By NEIL HARTNELL
Tribune Business Editor
BAHAMIAN-owned commercial banks will have to phase out and replace some $130 million in collective preference share capital over the next decade, a task that has been described as a "significant change but not onerous".
The Central Bank of the Bahamas, in its April 2012 letter sent out to the heads of all its licencees, confirmed that as part of preparations for all Bahamian banks and trust companies to meet the requirements of new global capital standards, known as Basel III, preference shares will "no longer qualify as any form of capital".
This will affect the three Bahamian majority-owned commercial banks listed on the Bahamas International Securities Exchange (BISX), which all have preference shares - to varying degrees - included in their capital bases.
Commonwealth Bank has the largest amount of outstanding issued preference shares, some nine separate classes worth a collective $84.983 million, according to its 2011 annual report. It is followed by Bank of the Bahamas International, which has some $35 million, and Fidelity Bank (Bahamas), which in its 2011 third quarter financials said it had $10 million in issued preference share capital.
Confirming these developments, Paul McWeeney, Bank of the Bahamas International's managing director, said the 10-year transition period gave Bahamian commercial banks plenty of time to replace the preference share capital currently on their balance sheets.
Pointing out that his institution already had a strategy worked out, Mr McWeeney said Bahamas-based commercial banks would likely be able to replace preference share capital with retained earnings growth once the sector resumed long-term profitability trends.
He added that the main impact was likely to be felt by Bahamian investors, who would no longer have the option of investing in bank-issued preference shares - a debt instrument that, with its attached interest rate coupon, was seen as a relatively attractive destination for investment dollars.
"The new criteria has been established, and the Central Bank has adopted Basel III and will enforce compliance," Mr McWeeney told Tribune Business. "We've had a series of meetings with the Central Bank, and we're going to phase out preference shares over a period of 10 years."
Emphasising that he could not speak for other banks or the sector as a whole, Mr McWeeney said that in Bank of the Bahamas International's case it would have to phase-out its preference share capital at an average rate of $3-$3.5 million per year.
"The schedule identified by Basel III is not very onerous on the banks," he added, noting that the Central Bank's trigger and target ratios for Bahamas-based commercial banks, of 14-17 per cent respectively, were well above international requirements. Most Bahamian commercial banks' ratios were currently in "the lower 20 per cents".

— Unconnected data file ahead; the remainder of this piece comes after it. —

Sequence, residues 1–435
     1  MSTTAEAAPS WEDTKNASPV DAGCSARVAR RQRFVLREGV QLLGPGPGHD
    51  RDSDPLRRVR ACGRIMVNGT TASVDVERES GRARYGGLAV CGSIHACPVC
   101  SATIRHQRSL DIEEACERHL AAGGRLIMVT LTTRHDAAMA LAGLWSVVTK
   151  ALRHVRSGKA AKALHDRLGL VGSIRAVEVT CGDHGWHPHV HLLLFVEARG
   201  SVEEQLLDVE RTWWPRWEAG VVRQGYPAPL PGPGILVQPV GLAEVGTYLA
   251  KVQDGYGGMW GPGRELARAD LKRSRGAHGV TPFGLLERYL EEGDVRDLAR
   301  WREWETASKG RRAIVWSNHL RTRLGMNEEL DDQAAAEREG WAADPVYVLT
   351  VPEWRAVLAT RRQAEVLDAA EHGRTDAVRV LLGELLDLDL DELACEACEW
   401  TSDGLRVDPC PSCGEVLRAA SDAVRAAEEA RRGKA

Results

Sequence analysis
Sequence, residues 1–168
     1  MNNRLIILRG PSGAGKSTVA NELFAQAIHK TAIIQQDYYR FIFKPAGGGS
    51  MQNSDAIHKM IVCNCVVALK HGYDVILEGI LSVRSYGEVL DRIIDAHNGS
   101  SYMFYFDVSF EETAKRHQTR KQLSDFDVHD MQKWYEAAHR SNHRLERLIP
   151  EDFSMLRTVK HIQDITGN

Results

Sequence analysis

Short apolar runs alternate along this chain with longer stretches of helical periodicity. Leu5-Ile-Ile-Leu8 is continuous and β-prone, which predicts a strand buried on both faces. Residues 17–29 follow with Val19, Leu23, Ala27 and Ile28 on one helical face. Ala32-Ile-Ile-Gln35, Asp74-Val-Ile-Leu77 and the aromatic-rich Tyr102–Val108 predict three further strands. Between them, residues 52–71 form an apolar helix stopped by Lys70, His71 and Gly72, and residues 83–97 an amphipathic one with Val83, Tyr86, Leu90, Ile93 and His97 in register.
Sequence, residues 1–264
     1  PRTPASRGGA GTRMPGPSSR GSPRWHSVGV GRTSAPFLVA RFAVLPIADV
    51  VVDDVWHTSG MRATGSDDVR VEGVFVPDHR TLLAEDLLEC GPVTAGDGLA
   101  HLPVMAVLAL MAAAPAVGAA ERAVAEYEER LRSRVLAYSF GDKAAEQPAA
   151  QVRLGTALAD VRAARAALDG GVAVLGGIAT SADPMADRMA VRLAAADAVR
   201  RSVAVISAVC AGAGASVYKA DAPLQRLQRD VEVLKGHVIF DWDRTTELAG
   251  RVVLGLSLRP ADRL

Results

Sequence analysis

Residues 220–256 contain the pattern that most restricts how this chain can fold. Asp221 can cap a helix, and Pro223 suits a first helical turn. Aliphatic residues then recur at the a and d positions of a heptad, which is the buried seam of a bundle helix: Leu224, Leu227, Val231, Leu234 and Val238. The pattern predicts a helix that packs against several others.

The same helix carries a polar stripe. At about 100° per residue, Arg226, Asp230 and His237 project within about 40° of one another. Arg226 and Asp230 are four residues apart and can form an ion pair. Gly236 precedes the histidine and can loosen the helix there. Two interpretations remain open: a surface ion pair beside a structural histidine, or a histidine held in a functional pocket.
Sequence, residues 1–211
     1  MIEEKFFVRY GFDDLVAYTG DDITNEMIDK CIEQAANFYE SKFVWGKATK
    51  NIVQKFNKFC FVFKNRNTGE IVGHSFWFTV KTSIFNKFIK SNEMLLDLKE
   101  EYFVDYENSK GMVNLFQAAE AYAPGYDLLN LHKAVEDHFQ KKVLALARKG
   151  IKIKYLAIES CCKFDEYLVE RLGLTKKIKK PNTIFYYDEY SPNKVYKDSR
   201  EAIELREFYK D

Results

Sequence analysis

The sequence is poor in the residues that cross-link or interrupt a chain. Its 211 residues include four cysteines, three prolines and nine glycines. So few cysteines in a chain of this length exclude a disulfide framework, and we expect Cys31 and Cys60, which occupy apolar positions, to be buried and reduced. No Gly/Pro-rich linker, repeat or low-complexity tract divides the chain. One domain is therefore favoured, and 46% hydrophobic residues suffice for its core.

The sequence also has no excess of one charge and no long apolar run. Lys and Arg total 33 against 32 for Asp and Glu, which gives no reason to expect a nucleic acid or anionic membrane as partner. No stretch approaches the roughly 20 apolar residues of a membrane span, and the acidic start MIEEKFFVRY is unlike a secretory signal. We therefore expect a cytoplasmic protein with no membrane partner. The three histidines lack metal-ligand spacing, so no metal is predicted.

In his letter to Bahamian bank heads, Abhilash Bhachech, the new inspector of banks and trust companies, said that under Basel III the composition of the 8 per cent minimum capital risk-adjusted ratio would change.
Currently, that 8 per cent is split equally between Tier 1 and Tier 2 capital, but under Basel III the former will have to increase to 6 per cent of risk-weighted assets, with the latter dropping to 2 per cent by January 1, 2015.
"Tier 1 capital will consist of: common equity (ordinary shares) which is considered the highest quality of capital, and would need to be maintained at least 4.5 per cent of the risk-weighted assets or 75 per cent of this Tier I component," the letter said.
"Our commercial banks are well-capitalised with quality CET1 and Tier 2 capital, and are currently subjected to trigger and target ratios of 14 per cent and 17 per cent, respectively - well above the levels proposed under Basel III."
Noting that all Bahamas-based banks needed to have "an approved strategy", together with timeframes, for dealing with the preference share replacement issue, Mr McWeeney told Tribune Business: "A significant change is taking place. Those banks that have preference shares have to find quality replacements for it, and you don't want to diminish your capital base.
"We could redeem our preference shares, shrink capital and still comply, but that's not what we want to do. We want to grow our capital. We will find a way to replace them, while still maintaining the same level of capital adequacy."
He added of the preference share issue: "It's a significant change; it's not onerous. The transition is manageable. On a normal course, when business gets back to normal, we have the potential to replace that with growth in earnings.
"It's been a tough last couple of years, but we're optimistic that hopefully by 2014 things will pick back up and we will get a base to replace that from growth in retained earnings. It's a manageable process but a significant change."
Mr McWeeney, though, noted that with bank preference shares "falling away", investors would no longer be able to enjoy the "decent returns" they provided.
"It impacts the investing community. Preference shares were a satisfactory investment for many years, and provided a decent return, but they will go away now," he said.
Anwer Sunderji, Fidelity Bank (Bahamas) chief executive, and Ian Jennings, Commonwealth Bank's president, did not return Tribune Business phone calls and e-mails seeking comment before press time.